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In this stunningly original and controversial book, Theodore Von Laue presents an entirely new perspective for understanding the dynamics of 20th century history. The author argues that the global violence and warfare of this century are the consequences of the little understood world revolution of Westernization. Accounting for world wars, the rise of communism and fascism, decolonization, third world dictatorships, and contemporary terrorism, he describes the twin processes of the expansion of western power and the emergence of global interdependence.
The ascendance of Europe had, by the turn of the century, brought all parts of the world under its influence and control. Westerners have seen such global emulation as a "civilizing" process. But Von Laue contends that the rest of the world's attempt to catch up with the West militarily, economically, and politically has been a traumatic experience as societies have been forced to undergo in a few decades, changes that Europeans underwent in many centuries, causing many countries to fall prey to totalitarian regimes and military strife. "Western power and western culture" Von Laue writes, "have inflicted a permanent cultural revolution upon the unprepared non-western peoples by foisting upon them the necessity of abject imitation."
Von Laue's journey through the 20th century begins in the 1870s with the British raj in India. He considers the colonization of Africa, the fall of the Ottoman Empire, and the special case of Japan, before moving on to the World War I era, the communist and fascist "counter-revolutions," the Great Depression, Stalinism and Hitler's unleashing of World War II. In his analysis of the post-war era, the United States emerges as the foremost superpower, and the nuclear arms race the most dangerous of all global tensions. He pays special attention to the experiences of leaders in newly independent nations: Nehru in India; Sukarno in Indonesia; Nasser in Egypt; and Nkrumah in Ghana; he also analyses Mao's China.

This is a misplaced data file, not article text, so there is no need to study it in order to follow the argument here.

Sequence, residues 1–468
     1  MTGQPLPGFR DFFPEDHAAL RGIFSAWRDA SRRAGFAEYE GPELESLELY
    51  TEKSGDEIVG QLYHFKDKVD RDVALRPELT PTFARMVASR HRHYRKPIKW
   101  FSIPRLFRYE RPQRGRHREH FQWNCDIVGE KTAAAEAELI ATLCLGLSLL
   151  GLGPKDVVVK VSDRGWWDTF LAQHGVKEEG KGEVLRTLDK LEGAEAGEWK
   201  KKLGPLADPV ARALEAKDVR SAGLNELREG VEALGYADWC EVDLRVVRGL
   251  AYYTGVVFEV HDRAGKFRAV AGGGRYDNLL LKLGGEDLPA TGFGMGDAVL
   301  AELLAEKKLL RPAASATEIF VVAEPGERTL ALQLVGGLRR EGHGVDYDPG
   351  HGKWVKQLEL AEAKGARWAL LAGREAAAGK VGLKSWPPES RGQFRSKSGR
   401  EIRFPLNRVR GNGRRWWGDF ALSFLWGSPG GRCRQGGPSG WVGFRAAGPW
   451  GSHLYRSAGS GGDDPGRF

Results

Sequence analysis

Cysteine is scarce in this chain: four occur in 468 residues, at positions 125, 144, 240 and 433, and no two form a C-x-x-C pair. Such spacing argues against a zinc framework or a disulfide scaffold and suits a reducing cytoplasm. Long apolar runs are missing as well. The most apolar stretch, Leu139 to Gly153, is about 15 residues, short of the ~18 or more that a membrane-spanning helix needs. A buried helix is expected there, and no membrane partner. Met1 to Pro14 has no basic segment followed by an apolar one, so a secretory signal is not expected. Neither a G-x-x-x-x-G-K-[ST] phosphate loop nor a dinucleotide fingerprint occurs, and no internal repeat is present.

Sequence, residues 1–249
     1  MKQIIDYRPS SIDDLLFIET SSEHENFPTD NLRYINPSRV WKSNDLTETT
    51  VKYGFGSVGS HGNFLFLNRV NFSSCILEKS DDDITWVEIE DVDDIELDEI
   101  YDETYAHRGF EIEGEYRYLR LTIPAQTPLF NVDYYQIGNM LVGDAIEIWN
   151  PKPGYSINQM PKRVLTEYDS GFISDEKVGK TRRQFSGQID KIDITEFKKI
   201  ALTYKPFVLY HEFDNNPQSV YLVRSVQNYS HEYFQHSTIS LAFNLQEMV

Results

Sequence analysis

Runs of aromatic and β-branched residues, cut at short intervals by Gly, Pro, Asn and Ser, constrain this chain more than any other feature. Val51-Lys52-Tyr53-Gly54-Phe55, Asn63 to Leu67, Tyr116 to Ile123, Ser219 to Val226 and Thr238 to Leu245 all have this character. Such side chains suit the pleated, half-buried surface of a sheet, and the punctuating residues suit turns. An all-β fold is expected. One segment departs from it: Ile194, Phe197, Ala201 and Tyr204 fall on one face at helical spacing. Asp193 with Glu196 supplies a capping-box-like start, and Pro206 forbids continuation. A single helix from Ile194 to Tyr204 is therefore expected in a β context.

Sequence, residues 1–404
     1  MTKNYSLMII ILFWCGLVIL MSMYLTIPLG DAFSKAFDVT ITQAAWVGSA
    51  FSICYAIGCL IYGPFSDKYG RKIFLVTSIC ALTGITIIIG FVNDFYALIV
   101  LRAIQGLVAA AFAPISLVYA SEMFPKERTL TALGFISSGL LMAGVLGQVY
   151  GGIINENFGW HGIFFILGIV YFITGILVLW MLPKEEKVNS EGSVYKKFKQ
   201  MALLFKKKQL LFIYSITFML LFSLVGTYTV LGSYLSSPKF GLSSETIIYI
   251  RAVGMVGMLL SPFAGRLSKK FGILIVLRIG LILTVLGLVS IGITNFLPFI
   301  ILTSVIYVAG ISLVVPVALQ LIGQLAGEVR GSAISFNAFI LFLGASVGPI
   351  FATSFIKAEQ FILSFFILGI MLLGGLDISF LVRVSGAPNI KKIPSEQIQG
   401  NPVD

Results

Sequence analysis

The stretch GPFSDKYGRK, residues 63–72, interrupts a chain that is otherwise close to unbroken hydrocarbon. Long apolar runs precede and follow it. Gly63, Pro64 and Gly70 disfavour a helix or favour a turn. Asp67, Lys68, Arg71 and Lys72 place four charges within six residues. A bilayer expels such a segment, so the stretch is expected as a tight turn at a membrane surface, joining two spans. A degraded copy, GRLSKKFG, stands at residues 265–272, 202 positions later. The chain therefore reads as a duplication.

As a challenging history of the contemporary age, this book will make its readers think, whether in agreement or disagreement, more globally and compassionately about the complex issues that threaten our peace and survival as we prepare to enter the 21st century.
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About the author:
Theodore Von Laue is Frances and Jacob Hiatt Professor of European History, Emeritus, at Clark University. He is the author of Why Lenin? Why Stalin? as well as numerous other books and articles on different aspects of modern history.
"Attempts at global perspectives aimed at avoiding such cliched thinking and suggesting innovative perspectives--and von Laue's 380-page book is one such--are well worth our scrutiny."--Comparative Civilizations Review
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Book Description Oxford University Press, USA, 1988. Hardcover. Condition: New. Seller Inventory # DADAX0195049063
Book Description Oxford University Press, 1988. Condition: New. book. Seller Inventory # M0195049063
Book Description Oxford University Press. Hardcover. Condition: New. 0195049063 New Condition. Seller Inventory # NEW7.0973119